I often receive questions from beginner and veteran collectors about items they've found, and thought I'd share a few common questions about Coca-Cola memorabilia.
Q: For my son's 10th birthday, I want to give him a toy truck that has been in my family for years. It looks just like a Coca-Cola delivery vehicle from the 1930s. I would like to tell him more about the toy.
A: The Metalcraft Corp. of St. Louis manufactured four different versions of toy trucks for Coca-Cola from 1931 until 1934. They were exact reproductions of the delivery trucks at that time. All were constructed of heavy-gauge steel and held 10 miniature glass bottles of Coca-Cola. The early trucks had polished metal wheels and an embossed grille. Later rubber tires and working headlights were added, and finally, the "Art Deco" truck was introduced. In 1932, the Coca-Cola Bottling Co. of Canada Ltd. distributed more than 40,000 toy trucks in Montreal. By the conclusion of the promotion, one out of every five Montreal homes had the truck.
In the United States, bottlers distributed more than 100,000 trucks in the pre- Christmas sales period, and mail-order catalogs offered them for 48 cents each. The value has gone up significantly; the truck pictured here could be worth as much as $1,200, according to Petretti's Coca-Cola Collectible Price Guide (11th edition).
Q: I have come across a little cherub of a doll that is dressed like a Coca-Cola salesman. Can you tell me about this?
A: The "Buddy Lee" doll was manufactured by The H.D. Lee Company and distributed by bottlers in the 1950s as a promotional item. Buddy was dressed in the standard salesman's uniform of white cloth with green pin stripes with circular patches on his uniform. According to Petretti's Coca-Cola Collectible Price Guide (11th edition) these original dolls can be worth up to $1,200.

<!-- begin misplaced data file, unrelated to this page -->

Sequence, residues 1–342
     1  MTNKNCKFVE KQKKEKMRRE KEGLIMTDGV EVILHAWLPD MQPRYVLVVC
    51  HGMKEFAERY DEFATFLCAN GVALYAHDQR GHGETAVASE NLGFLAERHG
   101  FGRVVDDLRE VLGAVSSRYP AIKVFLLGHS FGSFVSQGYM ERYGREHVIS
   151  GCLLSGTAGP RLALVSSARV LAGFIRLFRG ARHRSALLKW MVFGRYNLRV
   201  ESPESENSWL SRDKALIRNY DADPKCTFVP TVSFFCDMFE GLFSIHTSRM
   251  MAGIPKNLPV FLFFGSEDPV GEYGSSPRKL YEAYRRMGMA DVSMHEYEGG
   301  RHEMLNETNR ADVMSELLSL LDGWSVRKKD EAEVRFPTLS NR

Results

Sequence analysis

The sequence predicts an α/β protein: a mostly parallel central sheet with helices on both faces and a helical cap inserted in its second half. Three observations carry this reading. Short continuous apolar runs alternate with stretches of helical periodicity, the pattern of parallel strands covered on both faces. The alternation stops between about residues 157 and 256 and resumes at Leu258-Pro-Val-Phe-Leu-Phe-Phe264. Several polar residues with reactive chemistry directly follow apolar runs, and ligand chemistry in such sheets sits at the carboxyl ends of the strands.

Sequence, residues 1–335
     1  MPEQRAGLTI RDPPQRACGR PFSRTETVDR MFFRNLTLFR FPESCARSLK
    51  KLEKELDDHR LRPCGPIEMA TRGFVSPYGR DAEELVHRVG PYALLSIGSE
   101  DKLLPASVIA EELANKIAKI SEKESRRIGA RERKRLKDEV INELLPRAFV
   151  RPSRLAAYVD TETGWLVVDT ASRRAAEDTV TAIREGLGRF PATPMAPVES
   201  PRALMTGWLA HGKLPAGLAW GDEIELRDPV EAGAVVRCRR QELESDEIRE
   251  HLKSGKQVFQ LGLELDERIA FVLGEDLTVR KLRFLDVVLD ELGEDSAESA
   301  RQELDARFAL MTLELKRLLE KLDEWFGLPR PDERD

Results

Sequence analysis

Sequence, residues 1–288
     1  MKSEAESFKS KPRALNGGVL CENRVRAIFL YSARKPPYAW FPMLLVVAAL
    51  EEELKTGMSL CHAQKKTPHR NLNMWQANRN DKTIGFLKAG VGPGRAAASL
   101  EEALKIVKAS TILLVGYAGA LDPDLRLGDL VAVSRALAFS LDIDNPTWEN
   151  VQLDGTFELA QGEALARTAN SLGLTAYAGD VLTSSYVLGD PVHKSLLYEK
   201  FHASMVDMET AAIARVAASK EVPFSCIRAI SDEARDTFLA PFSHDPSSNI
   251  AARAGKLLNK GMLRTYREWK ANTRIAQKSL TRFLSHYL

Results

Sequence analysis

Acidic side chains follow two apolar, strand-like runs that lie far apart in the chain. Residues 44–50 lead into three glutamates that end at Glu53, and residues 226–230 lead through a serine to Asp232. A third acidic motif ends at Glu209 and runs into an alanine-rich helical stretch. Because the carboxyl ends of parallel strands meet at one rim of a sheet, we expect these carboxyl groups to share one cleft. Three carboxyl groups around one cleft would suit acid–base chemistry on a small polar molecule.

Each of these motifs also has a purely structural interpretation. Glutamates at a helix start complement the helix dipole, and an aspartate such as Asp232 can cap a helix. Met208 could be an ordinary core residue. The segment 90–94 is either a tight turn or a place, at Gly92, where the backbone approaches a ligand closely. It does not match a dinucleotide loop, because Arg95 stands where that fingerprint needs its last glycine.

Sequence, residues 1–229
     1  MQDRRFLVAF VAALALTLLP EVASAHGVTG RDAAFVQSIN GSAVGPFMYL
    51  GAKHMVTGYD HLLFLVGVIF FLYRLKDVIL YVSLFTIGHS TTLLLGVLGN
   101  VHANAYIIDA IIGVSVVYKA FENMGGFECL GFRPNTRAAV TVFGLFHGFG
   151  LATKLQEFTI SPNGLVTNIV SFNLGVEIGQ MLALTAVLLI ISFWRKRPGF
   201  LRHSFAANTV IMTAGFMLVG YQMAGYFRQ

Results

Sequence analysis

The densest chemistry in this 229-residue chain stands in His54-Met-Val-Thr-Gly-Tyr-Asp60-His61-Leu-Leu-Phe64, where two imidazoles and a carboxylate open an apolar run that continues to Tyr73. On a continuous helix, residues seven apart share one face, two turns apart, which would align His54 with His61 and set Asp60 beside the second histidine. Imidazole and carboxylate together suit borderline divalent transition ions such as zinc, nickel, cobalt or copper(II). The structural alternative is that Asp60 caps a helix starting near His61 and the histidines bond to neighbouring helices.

Q. I have a round china plate with a bottle and glass of Coca-Cola in the center, and "Refresh Yourself" and Coca-Cola printed around the rim. Were these dishes sold in stores? What is it worth?
A. The ceramic plate you describe is most likely from the 1930s. The 8 1/4-inch diameter plate was manufactured by The Crockery City Ice & Products Company for a local Coca-Cola bottler. This was one of many plates used by Coca-Cola bottlers at the time to promote the sale of Coca-Cola with meals. According to Petretti's (11th edition), one of these plates in mint condition can be worth as much as $325, and a complete place setting could be worth $3,000.
Q: I have come across booklets of paper holiday ornaments with Coca-Cola printed on them. Could you tell me about them?
A: Mass consumer Christmas promotions began in the 1950s. Bottlers distributed the poem "The Night Before Christmas" with cartons of Coke. Then, in the 1960s, holiday decorations were tucked inside cartons of Coke. Most were paper booklets with cut-out designs such as stars, lanterns and globes. Later, a drummer boy, three wise men and even origami "Christmas paper magic" decorations were given away. Some of these ornaments can still be found today.
If you have questions about items you've found, take a moment to look for an answer on this site. We have Collectors Columns covering a variety of subjects, and we will be adding more columns written by members of the Coca-Cola Collectors Club, so you can learn about their collections.
Phil Mooney is the director of the Archives Department.
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